Kelsie "Kels" Greg is a statistical oddity. She became the first woman to qualify for the Call of Duty Challengers Elite tournament, one of the toughest in its class. At 22, Kels is also in the latter portion of any professional gamer's career, as most eSports athletes retire by age 24. So, she's breaking stereotypes, and her story is one of the few positive news stories from the eSports industry. Whereas just two years ago, the world had high hopes for the eSports industry, now, it's struggling to make ends meet. So, while some startups are making huge strides in providing more platforms to gamers, such as Kels, these stories are few and far between, and the future of eSports hangs in the balance.
It's hard to believe that it's been almost twenty years since the game was launched, and Kelsie Greg is one of the first female gamers to make it big in Call of Duty, her favorite game. However, it's astonishing when one analyzes the sector's behavior. The eSports market has grown tremendously since its earliest days of LAN networks and tournaments.
Since its launch in 2003, Call of Duty has become one of the most popular shooter games. Newer versions included current scenarios, more complex gameplay, and one big party trick: multiplayer ability. While it wasn't the first game to have it, the combination made it perfect for online battles, eventually giving way to the first championship - The Major League Championship - in 2009. Back then, the payouts ranged between $10,000 and $25,0000. The prize pool for 2023's The Challengers Elite is $216,000, and that's not the highest in the world.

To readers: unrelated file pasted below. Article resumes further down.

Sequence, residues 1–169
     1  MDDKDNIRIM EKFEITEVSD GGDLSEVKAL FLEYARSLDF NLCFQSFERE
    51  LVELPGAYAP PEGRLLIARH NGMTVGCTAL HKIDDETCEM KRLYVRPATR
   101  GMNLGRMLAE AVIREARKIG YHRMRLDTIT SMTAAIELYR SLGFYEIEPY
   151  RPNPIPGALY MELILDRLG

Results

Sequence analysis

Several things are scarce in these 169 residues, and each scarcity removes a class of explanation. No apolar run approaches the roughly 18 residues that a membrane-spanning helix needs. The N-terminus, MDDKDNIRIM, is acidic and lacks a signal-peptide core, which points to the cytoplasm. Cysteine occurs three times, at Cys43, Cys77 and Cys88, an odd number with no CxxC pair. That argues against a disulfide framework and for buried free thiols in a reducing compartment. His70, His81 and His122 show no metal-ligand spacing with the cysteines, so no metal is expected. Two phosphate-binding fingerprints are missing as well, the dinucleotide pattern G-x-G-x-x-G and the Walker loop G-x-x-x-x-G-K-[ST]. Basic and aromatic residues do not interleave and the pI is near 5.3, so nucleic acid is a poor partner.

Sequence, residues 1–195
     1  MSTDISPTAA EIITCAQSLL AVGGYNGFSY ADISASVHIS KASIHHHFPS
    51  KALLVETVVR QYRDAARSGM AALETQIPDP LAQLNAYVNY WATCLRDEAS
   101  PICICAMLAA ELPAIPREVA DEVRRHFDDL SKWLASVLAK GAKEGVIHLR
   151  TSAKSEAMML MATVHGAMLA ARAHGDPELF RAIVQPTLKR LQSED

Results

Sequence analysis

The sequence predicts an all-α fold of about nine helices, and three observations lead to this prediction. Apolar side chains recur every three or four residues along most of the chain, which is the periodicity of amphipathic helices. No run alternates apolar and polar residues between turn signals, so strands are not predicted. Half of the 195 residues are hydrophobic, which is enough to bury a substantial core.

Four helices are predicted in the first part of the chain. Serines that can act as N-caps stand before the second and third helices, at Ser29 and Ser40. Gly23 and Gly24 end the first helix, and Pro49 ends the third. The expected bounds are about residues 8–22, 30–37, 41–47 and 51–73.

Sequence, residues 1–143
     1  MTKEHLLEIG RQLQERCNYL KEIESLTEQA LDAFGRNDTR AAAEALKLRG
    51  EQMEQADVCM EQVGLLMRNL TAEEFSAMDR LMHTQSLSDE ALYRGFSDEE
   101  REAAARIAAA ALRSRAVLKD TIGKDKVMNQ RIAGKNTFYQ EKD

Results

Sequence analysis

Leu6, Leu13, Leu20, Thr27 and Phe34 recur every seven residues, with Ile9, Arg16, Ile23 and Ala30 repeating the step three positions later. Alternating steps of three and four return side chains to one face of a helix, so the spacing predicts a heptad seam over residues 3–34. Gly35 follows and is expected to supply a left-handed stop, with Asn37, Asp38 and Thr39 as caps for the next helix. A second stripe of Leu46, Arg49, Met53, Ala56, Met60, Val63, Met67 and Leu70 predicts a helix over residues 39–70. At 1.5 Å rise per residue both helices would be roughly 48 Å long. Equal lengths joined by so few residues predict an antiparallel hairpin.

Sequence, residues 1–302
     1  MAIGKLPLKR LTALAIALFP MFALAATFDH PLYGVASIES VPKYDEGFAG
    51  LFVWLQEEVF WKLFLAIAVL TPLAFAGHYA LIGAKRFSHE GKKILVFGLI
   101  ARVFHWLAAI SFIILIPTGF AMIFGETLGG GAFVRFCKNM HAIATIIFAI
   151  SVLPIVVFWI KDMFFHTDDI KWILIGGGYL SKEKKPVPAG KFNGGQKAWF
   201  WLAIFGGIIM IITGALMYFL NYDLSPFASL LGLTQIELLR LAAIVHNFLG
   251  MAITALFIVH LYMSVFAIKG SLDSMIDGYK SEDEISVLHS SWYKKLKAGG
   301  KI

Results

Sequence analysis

From 2017 to 2023, revenue has gone from $132 million to $316 million, and estimates indicate it could reach $425 million by 2027. Due to this massive rise in popularity, eSports also saw an influx of money from venture capital. From 2014 to 2017, there were only nine disclosed investment deals in the eSports industry. One year later, in 2018, that number was 11. In 2021, there were 138, and ten funding rounds alone were more valuable than the industry's worth in 2017, with many averaging $200 million.
Markets have also grown incredibly, with projections estimating that there will be an annual growth rate of around 20%, led by China, which accounts for a third of the global market. China also made history earlier this month when VSPO managed to secure $235 million from a Saudi Arabian investor. This startup focuses on one of the biggest challenges around eSports tournaments: supplying enough power, bandwidth, and all the technology needed for a tournament to run smoothly.
As far as salaries, they saw tremendous growth. In 2019, in the US alone, eSports players earned a combined $46 million. So, what has once been considered only for nerds is now an industry with a following in the millions. In addition, some eSports teams are just as valuable as those in other professional sports, such as hockey and basketball. eSports are even making their way into the Olympics, though the International Olympic Committee (IOC) has made some strange choices regarding the games. I mean: Olympic virtual dancing, really? Well, to each their own.